Agnes thought about splinters, and whether or not one might be made of a disenchanted Italian exchange student named Aberto di Francesco instead of a bit of wood. She wondered if she had bothered to line the seat with a protective layer of toilet paper, would that have been enough? She hadn't even seen a water fountain since middle school. What about a champagne flute shared with crisscrossed arms?

    Outside a crowd of people had begun to flock Royal Rawrick's lifeless body. The conductor announced there would be a delay. Agnes checked her watch and turned the page.

    Signs and Symptoms

    The signs and symptoms of Sadness will depend on where the Sadness originated, the size of the Sadness, and how much the Sadness affects nearby organs or structures as it grows. Sometimes Sadness starts in places where it does not cause any symptoms at all until it has grown quite large, crowding nearby nerves, numbing auxiliary areas such as the newness of love or feelings of belonging. But if the Sadness is in a critical area, even the smallest bit of it can cause early symptoms, like crying at the site of a stray kitten or contemplating suicide after witnessing an old man purchase a single-scoop ice cream cone with change.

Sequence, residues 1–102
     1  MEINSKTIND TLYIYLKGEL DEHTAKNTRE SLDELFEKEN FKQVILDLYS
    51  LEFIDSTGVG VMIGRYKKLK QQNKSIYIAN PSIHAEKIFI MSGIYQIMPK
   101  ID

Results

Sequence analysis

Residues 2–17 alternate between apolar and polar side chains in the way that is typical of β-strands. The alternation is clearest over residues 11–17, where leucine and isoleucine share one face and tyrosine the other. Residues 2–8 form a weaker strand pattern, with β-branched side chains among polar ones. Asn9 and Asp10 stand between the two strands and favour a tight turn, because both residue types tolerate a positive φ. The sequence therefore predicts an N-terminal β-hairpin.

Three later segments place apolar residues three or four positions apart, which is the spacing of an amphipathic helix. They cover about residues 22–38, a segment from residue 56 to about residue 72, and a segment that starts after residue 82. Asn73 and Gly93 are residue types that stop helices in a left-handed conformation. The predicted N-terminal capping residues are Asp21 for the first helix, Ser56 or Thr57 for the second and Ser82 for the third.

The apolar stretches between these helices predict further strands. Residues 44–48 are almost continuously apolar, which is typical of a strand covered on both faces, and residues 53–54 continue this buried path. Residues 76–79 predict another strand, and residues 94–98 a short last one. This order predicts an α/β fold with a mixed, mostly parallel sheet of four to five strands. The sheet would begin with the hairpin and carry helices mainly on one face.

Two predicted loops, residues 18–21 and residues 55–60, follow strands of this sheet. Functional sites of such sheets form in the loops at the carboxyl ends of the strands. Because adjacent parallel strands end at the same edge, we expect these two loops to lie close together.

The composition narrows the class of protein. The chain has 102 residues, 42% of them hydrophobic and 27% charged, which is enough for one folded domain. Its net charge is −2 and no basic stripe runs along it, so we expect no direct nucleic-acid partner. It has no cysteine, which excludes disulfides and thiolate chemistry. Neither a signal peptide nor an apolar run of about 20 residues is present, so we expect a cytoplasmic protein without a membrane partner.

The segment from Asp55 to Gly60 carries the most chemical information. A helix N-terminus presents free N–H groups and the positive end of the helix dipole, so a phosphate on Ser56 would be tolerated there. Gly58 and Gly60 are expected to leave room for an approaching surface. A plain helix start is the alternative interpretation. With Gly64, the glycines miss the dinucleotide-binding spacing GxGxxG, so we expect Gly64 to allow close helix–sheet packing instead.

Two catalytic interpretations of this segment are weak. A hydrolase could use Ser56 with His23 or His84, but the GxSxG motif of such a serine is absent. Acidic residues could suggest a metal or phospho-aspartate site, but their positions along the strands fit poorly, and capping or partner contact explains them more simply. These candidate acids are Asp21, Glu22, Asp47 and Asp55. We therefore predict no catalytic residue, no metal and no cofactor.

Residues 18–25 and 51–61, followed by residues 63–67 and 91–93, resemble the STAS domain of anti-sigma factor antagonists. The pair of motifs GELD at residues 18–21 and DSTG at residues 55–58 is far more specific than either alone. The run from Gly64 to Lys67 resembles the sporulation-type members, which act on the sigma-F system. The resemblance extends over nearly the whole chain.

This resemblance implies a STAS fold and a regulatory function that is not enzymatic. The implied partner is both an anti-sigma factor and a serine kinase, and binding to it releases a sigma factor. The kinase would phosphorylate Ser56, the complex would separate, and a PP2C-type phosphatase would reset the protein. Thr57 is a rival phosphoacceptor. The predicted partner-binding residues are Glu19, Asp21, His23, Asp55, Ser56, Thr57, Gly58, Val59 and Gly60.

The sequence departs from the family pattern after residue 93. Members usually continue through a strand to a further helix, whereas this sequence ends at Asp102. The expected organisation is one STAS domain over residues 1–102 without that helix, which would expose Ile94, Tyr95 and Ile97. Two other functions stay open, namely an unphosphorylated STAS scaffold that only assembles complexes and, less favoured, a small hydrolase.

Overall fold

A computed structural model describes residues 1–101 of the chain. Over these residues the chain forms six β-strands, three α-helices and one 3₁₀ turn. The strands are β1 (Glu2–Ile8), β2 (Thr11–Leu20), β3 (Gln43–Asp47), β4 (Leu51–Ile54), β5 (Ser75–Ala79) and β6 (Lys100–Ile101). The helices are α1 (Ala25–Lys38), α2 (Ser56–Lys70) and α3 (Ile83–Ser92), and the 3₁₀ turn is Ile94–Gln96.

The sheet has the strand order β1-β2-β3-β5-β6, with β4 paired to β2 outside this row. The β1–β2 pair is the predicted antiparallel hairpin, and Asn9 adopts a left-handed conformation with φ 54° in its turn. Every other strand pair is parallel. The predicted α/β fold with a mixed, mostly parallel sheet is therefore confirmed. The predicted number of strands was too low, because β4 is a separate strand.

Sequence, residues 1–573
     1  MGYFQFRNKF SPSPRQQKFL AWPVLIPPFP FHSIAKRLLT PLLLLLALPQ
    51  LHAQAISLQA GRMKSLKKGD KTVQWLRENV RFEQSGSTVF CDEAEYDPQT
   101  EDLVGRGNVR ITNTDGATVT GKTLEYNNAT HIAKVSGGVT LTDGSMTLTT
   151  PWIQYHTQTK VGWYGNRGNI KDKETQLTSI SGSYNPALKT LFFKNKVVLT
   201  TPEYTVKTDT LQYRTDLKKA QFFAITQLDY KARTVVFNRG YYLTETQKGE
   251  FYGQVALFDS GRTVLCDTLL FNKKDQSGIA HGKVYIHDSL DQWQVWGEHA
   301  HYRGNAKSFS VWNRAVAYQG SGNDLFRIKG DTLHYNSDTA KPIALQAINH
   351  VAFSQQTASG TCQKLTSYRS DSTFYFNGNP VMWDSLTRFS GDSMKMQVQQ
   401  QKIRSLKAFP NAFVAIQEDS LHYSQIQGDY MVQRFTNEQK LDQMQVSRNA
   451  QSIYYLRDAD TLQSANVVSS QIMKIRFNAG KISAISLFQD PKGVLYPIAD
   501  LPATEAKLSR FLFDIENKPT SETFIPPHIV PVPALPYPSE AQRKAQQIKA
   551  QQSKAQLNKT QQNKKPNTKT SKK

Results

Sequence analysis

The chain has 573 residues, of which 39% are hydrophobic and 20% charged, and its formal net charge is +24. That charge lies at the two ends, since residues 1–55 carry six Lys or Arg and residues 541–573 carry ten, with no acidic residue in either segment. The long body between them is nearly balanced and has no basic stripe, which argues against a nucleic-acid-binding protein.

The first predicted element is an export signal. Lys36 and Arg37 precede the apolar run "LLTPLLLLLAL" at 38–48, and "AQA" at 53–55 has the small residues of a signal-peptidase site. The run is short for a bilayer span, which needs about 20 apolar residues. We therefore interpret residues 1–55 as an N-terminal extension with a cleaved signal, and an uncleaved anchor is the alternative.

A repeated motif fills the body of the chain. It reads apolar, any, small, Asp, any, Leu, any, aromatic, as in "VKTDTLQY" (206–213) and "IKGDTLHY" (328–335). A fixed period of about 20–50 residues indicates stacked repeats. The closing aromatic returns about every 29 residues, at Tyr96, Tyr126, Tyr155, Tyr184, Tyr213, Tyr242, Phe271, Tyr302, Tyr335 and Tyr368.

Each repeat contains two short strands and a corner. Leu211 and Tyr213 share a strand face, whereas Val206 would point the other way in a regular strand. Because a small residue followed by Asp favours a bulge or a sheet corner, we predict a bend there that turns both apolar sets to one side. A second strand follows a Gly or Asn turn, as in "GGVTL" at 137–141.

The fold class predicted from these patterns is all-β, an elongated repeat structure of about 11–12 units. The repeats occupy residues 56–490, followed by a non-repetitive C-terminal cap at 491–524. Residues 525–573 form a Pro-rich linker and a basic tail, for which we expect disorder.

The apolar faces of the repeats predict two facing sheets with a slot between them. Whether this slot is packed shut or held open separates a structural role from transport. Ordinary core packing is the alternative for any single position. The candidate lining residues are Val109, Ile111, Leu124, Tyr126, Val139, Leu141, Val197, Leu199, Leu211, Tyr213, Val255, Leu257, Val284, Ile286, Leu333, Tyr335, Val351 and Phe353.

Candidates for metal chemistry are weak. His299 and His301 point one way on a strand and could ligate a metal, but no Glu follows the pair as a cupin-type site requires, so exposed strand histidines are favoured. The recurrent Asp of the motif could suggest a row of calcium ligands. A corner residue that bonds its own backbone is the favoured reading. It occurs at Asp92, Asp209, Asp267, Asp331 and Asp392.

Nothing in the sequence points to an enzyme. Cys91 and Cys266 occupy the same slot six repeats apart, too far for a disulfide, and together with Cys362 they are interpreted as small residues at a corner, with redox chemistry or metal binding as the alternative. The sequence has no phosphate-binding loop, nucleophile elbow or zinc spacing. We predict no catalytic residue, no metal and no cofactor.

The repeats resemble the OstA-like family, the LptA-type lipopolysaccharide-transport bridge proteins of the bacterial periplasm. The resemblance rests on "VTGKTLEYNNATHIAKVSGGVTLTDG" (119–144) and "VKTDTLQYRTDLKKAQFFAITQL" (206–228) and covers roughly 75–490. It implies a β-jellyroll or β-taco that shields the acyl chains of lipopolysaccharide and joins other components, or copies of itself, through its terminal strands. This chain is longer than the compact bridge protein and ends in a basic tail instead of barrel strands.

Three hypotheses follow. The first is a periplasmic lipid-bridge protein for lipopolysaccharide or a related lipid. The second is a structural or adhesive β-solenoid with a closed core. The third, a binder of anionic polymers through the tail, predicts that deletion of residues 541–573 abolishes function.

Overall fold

The doctors had spent hours tapping her knees and feeling the soft nodes behind her ears. They took vials of blood and cups of urine. They made copious notes regarding her history of failed relationships, love handles, and financial improprieties on pages held tight in clipboards pressed close to their chests.

    "Tell us," they instructed her, "exactly how you felt when you realized it was over?"

    "Did you experience any tears," the woman asked her, "when you first conceived the impossibility of being on both sides of abandonment, to have been left before leaving one so desperately holding on?"

    "Were you at all devastated," the black one inquired, "when you tripped over the door jamb and fell on your way in?"

    At the time she had answers for them. It felt awful. Yes, there were tears, lots of them. There was embarrassment, yes; devastation, she didn't think so.